A variety of combinations for multiple budget meters (UT61E, UT139C, etc.)
I like the UT61E for it's 20,000 count resolution and included PC data connection; the UT139C for its additional features and safety.

Don't underestimate the usefulness of having two meters. There are many times where you want to measure both current and voltage at the same time (to get wattage for example).

Another option is to pick up a good solid meter like the BM257S (~$130), or a UT61E and UT139C, and a good quality LCR meter like the DER EE DE-5000 (~$100 with most of the optional accessories), also sold as the IET Labs DE-5000 (ignore the DE-6000 gimmick, its exactly the same meter). I have a Der EE DE-5000 and I absolutely love it. Here is my review/teardown of it

EDIT: One thing I will mention is that for many of these meters, you will be taking a step-down in resolution as finding a 4.5digit hand held tends to be much more expensive than a 4.5 digit bench meter. There are a variety of exceptions, most of the Brymen ones I mentioned, except for the BM257S, are at least 50,000 count That being said, you get a lot more features on the handhelds usually Though you do lose some accuracy and 4-wire resistance. IF you want to try and fix your current meter, post in the repair section over on eevblog. One of the gentlemen that designed a lot of the old fluke meters even posts from time to time.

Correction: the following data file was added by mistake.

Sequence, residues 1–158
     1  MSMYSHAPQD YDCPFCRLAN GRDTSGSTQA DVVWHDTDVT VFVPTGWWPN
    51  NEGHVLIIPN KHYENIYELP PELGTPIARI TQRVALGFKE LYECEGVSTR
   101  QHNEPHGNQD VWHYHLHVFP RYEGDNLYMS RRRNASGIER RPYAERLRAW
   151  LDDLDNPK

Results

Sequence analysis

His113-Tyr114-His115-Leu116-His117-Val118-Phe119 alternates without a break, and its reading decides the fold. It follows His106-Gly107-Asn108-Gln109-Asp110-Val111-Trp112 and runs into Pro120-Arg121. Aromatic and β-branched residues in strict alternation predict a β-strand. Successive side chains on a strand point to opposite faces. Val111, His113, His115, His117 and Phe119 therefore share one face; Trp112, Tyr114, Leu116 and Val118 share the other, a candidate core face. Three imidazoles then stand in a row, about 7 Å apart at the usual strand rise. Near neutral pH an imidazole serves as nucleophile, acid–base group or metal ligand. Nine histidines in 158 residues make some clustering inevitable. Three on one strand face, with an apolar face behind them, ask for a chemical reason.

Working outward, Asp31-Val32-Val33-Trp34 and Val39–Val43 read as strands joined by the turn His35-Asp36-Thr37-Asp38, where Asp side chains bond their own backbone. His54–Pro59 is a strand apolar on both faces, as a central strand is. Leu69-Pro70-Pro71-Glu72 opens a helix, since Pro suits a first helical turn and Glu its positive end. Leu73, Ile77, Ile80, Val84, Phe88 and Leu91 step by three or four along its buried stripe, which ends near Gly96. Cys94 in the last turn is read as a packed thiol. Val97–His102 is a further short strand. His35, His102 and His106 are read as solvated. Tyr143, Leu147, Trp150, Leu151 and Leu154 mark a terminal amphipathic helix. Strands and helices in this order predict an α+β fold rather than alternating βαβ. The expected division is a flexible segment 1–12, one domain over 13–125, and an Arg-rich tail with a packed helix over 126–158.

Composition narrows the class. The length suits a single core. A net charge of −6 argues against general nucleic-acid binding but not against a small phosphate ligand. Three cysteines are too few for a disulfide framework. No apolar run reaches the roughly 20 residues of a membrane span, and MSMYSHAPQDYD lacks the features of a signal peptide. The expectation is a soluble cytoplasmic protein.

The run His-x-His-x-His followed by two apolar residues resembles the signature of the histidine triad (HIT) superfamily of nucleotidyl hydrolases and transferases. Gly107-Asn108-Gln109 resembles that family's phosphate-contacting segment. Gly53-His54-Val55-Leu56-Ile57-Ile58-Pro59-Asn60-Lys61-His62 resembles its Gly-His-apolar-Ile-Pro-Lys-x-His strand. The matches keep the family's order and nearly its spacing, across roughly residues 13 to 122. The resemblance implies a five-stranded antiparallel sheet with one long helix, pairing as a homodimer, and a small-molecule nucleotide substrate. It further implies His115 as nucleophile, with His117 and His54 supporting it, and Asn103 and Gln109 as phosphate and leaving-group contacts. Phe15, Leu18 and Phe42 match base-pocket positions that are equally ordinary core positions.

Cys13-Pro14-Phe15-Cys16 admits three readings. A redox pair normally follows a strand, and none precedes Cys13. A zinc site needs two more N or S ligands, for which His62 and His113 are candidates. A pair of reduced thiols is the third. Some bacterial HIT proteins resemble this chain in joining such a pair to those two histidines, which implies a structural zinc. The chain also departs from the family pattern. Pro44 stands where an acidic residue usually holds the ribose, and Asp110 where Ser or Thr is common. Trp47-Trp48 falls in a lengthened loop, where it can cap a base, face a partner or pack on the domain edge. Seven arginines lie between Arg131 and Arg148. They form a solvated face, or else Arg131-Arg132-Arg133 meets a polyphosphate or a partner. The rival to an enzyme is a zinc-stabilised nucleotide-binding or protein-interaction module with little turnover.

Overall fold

Last edited by PedroDaGr8; 22nd November 2014 at 03:35 AM.
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Old 22nd November 2014, 09:23 AM   #5
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Yes, check out the Brymen line.
You'll be surprised by the build quality.

https://www.youtube.com/watch?v=tXu0lsOjvDs

[If you opt for one, consider buying the PC connection kit.]
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Old 22nd November 2014, 10:45 AM   #6
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Quote:
Originally Posted by Dennis Hui View Post
and comes with calibration.
All multimeter s at that price point are perfectly calibrated from factory, by adding such a requirement you do restrict the available options down to very few.

Because there is no just one Best multimeter out there, you better make a wish list or requirements, including the number of counts.

There is several Gems at 30.000 up to 60.000 counts.
You may check ITTSB.EU Blog about getting ideas for the latest equipment.
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Old 23rd November 2014, 11:52 AM   #7
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When I mentioned calibration, I was thinking more along the line that
a new meter from a reputable firm will be calibrated even if you don't
have a certificate.

Thank you for all the suggestions.

An impulse purchase meant my hobby fund is low so I'll take some
time to do more research. I'll also checkout eeblog and see if any